How about saving on Government publication costs by making English the official language for the country, instead of requiring translations of everything into Spanish (which takes twice as many words to convey the same information besides) ...
Sure, lol. Now the kid should calculate how much valuable time he wasted working on a problem that no government wants solved. Government will be happy to take his research a step further though and spend no money on font ink at all. Text will be white on a dark background. Powerpoint printouts to the rescue!
Yep, I remember telling everyone how we were entering the age of the paperless office (1990’s) ... still waiting. LOL!
weve all got at least one of the beasts most likely connected to a printer....
The PRINT feature aint a new thing....
ah those were the good old naive days werent they
> He noticed that Hewlett-Packard printer ink is $75 an ounce, while an equivalent amount of French perfume is only $38.
Did he happen to notice that getting rid of the inkjets would save about ten times that without any typeface changes? Yeah, he’s a real brainiac.
but, but, but.......eyes.
By using less ink or toner, how much does it cost to remedy the eye strain?
Yep, smart kid. And Garamond is a nice looking font too.
Why is HP charging $75 per ounce for ink?
Everything should be printed in Cooper Black.
Because they can.
Not so smart kid since this same comparison test has been around for many years. I switched over to Garamond because of the test waaaay back when.
I’m sure taxpayers could save gazillions more without the government changing the use of any printing-type fonts, but merely by getting out of all but the very most basic things government has become involved in.
If his theory is proven to be true they will immediately go the the democrats in congress to seek a tax increase in order to pay for the non judgmental font currently being used.
If you used 3-point font, you could save lots of paper, too.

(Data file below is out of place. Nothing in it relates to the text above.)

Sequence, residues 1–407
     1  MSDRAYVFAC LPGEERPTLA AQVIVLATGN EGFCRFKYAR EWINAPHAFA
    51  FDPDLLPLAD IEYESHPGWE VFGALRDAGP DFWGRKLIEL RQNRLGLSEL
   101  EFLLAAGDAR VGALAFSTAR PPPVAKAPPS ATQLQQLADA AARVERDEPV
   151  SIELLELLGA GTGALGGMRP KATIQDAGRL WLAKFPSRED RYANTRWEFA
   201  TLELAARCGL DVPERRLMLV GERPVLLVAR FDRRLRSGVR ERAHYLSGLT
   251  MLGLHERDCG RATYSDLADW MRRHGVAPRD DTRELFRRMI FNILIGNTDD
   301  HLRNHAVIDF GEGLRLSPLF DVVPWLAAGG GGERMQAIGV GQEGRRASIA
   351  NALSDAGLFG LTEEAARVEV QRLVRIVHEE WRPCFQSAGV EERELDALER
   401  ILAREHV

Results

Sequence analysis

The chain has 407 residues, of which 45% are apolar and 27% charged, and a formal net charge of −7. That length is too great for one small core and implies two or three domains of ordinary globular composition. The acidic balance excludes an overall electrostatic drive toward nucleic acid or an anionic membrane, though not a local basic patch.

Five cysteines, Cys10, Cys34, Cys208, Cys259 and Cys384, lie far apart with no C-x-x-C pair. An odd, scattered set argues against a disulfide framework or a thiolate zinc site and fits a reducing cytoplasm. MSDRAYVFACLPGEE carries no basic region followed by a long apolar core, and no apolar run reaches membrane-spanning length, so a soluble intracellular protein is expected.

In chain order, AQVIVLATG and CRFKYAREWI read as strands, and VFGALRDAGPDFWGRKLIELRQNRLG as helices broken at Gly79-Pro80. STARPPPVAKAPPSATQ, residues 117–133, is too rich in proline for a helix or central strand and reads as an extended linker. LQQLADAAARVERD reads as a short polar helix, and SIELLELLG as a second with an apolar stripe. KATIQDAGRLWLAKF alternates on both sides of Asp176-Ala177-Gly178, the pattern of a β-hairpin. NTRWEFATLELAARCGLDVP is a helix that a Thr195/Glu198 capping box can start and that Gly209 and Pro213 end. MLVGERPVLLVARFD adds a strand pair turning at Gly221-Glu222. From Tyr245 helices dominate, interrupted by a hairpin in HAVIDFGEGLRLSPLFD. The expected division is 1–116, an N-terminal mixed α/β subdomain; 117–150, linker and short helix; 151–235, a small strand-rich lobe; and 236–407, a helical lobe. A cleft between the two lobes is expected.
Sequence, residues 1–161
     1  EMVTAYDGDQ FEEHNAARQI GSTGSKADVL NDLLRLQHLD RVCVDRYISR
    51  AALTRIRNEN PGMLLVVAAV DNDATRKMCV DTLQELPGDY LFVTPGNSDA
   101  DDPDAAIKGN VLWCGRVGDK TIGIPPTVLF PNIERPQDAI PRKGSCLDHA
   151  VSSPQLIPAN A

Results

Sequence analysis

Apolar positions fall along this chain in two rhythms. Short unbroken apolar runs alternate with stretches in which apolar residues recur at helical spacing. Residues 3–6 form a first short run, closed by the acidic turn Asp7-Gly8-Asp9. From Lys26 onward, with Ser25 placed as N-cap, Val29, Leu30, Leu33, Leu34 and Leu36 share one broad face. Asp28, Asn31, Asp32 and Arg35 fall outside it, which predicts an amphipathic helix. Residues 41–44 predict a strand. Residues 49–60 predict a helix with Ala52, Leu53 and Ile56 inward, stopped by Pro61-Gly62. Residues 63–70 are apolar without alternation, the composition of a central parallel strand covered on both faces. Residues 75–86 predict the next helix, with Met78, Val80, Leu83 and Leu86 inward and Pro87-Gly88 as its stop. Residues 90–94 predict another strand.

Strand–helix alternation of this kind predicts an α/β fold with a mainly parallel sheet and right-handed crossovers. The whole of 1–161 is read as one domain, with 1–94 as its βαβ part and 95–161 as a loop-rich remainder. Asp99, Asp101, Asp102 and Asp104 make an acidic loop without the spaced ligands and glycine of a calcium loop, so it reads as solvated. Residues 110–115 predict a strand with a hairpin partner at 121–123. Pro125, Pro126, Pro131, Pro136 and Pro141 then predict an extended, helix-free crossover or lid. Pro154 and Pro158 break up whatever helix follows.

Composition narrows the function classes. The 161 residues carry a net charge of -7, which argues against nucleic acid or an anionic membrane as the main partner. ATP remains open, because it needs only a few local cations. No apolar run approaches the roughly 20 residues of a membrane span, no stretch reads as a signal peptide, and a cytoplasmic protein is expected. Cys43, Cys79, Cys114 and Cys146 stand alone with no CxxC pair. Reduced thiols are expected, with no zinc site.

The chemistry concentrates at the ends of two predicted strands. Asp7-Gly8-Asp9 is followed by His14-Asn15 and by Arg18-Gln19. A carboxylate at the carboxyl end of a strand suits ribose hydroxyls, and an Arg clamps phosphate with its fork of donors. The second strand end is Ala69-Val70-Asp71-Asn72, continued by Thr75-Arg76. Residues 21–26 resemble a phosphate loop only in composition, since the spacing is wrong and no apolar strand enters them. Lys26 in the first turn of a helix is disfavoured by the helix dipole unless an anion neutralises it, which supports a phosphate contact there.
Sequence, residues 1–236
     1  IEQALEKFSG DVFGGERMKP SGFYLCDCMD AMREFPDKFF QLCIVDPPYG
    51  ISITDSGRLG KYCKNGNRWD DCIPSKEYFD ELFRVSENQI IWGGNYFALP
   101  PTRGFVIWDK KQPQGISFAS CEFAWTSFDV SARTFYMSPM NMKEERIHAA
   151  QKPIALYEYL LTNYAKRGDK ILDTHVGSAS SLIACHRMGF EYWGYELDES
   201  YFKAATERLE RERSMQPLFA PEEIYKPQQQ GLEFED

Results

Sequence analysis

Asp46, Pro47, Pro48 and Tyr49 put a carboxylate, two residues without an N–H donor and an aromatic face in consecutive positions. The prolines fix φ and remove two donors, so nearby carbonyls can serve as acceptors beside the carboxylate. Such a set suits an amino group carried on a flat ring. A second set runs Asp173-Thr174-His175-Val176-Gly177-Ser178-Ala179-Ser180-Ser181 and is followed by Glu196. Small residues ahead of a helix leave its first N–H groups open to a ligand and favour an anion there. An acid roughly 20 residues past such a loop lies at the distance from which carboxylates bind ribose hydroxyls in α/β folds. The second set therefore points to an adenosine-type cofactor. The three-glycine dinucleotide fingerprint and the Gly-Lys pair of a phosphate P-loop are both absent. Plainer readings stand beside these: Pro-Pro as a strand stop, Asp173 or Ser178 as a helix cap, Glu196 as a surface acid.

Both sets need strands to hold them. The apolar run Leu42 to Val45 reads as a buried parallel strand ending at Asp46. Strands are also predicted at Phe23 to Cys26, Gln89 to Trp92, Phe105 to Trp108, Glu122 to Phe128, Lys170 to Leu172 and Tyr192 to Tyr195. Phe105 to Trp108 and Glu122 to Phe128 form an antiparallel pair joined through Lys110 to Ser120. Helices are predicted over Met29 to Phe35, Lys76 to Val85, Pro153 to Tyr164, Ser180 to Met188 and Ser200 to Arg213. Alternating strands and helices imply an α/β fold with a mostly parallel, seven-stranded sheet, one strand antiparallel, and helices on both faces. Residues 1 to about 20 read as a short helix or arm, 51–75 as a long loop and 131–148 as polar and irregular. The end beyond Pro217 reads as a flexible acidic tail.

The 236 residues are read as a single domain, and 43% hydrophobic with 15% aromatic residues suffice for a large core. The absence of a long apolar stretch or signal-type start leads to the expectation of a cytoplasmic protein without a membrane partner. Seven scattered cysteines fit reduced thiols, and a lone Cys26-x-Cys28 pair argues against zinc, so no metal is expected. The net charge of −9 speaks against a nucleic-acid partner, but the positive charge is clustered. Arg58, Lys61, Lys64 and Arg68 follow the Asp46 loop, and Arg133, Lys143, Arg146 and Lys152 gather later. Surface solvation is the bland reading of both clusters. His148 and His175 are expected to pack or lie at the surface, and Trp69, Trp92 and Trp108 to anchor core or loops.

But of course, it would be harder to read... like Garamond.
Garamond is an old style font, with serifs intended to mimic the original, chiseled ones and the thick-thin strokes of the letterforms. It also isn’t the most compact of fonts meaning that a given paragraph is going to be somewhat longer because the letters themselves are. Garamond also has a low x-height, which adversely affects legibility because the bodies of the lowercase letters are smaller.
In other words, if this was to be adopted, the cost benefit would be eaten up due to people enlarging the point size for better legibility, and in more paper used because the same amount of text would require more space.
I applaud the kid for thinking in this manner, though. Copier consumables, particularly toner, are an absolutely astounding expense when tallied up over time. Like cell phones, the profit isn’t in the thing itself, it’s derived from the longterm use of it.
I guess this is what it says. Now if you go through a ream of paper a year and maybe buy new ink carts every other year like I do, you'll never notice.
But if you chew through paper like all these government parasites do, it would add up big time.
Paper is not the problem, the cost of ink is. I’m almost afraid to use my printer because the ink costs a fortune. Anything that reduces my ink cost is a boon to me.
Why does anybody pay for cell phone service? Internet calls are free. Also, printers? It is the 21st century, people.